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Labor sides with renters on fee
Leader of the opposition Mark McGowan, is pictured on the campaign trail last week. Picture: Michael O'Brien/The West Australian

A Labor government would scrap a widespread fee slapped on prospective tenants applying for multiple rental properties, Opposition Leader Mark McGowan said today.

The rental option fee, in most cases a week’s rent, is collected by landlords or agents while they check references and decide whether to offer the tenancy.

If the tenancy is accepted by the applicant, it is credited towards future rent, and returned in full if the tenancy is not offered.

But if the applicant decides to accept a different tenancy, the fee is kept by the landlord.

Mr McGowan said the rental option fee was introduced in 1987, when there were far more properties available to rent than prospective tenants, to stop applicants applying in an ad hoc fashion.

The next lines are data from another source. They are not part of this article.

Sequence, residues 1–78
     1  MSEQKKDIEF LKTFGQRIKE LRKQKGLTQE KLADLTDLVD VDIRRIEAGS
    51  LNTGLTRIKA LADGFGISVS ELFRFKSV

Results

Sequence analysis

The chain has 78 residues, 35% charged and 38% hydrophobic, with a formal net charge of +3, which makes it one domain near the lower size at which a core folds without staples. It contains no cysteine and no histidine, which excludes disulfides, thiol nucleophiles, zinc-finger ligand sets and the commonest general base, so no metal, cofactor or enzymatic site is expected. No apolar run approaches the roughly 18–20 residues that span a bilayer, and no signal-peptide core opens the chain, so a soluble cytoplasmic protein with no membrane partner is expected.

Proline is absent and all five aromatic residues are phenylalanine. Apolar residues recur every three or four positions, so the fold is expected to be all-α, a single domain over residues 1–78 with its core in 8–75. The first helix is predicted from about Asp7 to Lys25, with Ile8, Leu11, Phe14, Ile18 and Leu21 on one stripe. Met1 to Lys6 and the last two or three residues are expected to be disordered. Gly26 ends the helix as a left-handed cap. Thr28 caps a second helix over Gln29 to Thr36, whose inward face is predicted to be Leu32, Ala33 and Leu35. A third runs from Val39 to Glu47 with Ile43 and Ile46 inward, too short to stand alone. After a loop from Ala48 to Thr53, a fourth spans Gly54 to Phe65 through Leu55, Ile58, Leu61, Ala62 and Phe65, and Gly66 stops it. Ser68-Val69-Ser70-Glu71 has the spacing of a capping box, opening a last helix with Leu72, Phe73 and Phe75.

He said today’s tight rental market meant most people applied for multiple homes out of necessity and should not have to pay a week’s rent just because more than one landlord deemed them suitable tenants.

“The average rent now is $460 a week. For many suburbs and many communities across the state it’s far higher than that,” he said.

“In a town like Port Hedland, that can be $2500 just to apply for a property.”

Mr McGowan said only NSW and WA continued the fee.

Real Estate Institute of WA president David Airey said under changes to the Residential Tenancies Act which passed through parliament last year, the rental option fee was set to drop to $50 from April 1.

“That makes it a much more affordable charge,” he said. “In respect of the current legislation, most agents understand that it’s a huge burden if you want to go around and apply for two or three properties then in each case find a week’s rent.

“But under the new proposals, finding $50, we don’t think is a huge burden.”

Mr Airey said $50 was a reasonable cost given the time involved in checking references for applicants who end up rejecting the offer.

“I think (Mr McGowan’s promise) will appeal to tenants and conversely, it will not appeal to landlords,” he said.